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Duke of Leeds


Duke of Leeds

Thomas Osborne, 1st Duke of Leeds.

Duke of Leeds was a title in the Peerage of England. It was created in 1694 for the prominent statesman Thomas Osborne, 1st Marquess of Carmarthen. He had already succeeded as 2nd Baronet, of Kiveton,[1] and been created Viscount Osborne, of Dunblane, in 1673, Baron Osborne, of Kiveton in the County of York, and Viscount Latimer, of Danby in the County of York, in 1673, Earl of Danby, in the County of York, in 1674, and Marquess of Carmarthen in 1689. All these titles were in the Peerage of England, except for the viscountcy of Osborne, which was in the Peerage of Scotland.[note 1] He resigned the latter title in favour of his son in 1673. The Earldom of Danby was a revival of the title held by his great-uncle, Henry Danvers, 1st Earl of Danby (see Earl of Danby).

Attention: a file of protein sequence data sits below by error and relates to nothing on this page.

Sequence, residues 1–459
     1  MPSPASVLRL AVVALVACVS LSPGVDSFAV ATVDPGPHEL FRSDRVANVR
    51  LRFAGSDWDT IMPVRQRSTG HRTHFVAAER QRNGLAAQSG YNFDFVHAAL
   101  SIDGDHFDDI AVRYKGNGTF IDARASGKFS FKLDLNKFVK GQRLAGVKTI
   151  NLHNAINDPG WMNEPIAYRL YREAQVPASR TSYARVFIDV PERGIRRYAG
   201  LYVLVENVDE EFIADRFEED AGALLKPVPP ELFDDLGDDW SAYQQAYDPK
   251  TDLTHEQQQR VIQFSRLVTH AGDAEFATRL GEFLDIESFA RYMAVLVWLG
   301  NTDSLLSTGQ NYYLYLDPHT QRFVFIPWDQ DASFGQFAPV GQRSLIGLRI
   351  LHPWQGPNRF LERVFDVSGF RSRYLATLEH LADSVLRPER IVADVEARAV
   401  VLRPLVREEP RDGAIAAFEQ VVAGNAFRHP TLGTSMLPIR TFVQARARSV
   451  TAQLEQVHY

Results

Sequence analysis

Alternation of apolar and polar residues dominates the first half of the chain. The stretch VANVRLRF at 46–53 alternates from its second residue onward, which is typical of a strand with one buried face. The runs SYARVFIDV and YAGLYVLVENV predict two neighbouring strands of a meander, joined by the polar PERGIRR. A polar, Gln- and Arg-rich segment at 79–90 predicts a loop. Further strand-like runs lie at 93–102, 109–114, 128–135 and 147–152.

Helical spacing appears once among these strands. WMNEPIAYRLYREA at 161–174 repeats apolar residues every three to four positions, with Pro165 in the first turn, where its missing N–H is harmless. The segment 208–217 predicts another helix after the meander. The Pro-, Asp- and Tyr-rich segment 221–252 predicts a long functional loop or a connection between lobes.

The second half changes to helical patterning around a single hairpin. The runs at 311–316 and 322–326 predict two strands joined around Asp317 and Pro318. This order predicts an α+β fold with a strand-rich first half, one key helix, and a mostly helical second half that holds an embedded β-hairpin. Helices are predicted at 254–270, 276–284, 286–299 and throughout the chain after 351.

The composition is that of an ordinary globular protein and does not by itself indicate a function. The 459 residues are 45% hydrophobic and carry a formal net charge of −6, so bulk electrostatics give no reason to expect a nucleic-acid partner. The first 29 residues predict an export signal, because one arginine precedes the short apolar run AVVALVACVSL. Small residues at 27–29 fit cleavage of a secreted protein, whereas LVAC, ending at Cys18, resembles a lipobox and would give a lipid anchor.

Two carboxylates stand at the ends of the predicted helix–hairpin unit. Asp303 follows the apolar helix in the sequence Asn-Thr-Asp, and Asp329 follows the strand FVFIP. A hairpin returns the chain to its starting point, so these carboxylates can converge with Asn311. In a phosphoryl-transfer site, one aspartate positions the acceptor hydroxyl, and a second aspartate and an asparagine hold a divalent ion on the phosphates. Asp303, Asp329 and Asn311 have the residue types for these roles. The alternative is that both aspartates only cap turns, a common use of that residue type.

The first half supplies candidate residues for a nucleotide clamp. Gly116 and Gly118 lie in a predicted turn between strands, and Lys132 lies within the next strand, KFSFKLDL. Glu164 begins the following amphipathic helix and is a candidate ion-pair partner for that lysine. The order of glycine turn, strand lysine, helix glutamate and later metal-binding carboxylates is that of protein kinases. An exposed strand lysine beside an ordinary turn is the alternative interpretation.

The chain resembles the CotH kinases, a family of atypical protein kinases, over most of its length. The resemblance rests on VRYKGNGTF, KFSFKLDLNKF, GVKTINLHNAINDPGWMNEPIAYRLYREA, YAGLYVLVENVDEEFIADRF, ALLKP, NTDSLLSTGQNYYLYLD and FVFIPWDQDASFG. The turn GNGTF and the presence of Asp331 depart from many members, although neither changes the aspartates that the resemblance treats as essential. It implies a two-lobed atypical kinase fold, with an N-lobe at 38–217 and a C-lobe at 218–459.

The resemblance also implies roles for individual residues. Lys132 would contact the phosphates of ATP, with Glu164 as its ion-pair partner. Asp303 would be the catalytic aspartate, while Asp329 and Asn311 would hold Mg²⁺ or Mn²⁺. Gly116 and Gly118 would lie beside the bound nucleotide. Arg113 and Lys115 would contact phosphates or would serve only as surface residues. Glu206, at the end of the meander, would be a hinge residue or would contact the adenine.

The Dukedom was named for Leeds in Yorkshire, and did not (as is sometimes claimed) refer to Leeds Castle in Kent. The principal ducal seat was Hornby Castle, Yorkshire.

Upon the death of the 2nd Baron Godolphin, whose father (the second son of the 5th Duke of Leeds) had been created Baron Godolphin, of Farnham Royal in the County of Buckingham, in 1832. The Barony of Godolphin and the Dukedom remained united until they became extinct on the death of the 12th Duke of Leeds in 1964.

The heir apparent to the Duke of Leeds was styled Marquess of Carmarthen, Lord Carmarthen's heir apparent was styled Earl of Danby, and Lord Danby's heir apparent was styled Viscount Latimer.


  • Osborne Baronets, of Kiveton (1620) 1
  • Dukes of Leeds (1694) 2
  • Notes 3
  • References 4

Osborne Baronets, of Kiveton (1620)

Dukes of Leeds (1694)

Other titles (6th & 7th Dukes): Baron Darcy de Knayth (1322) and Baron Conyers (1509)
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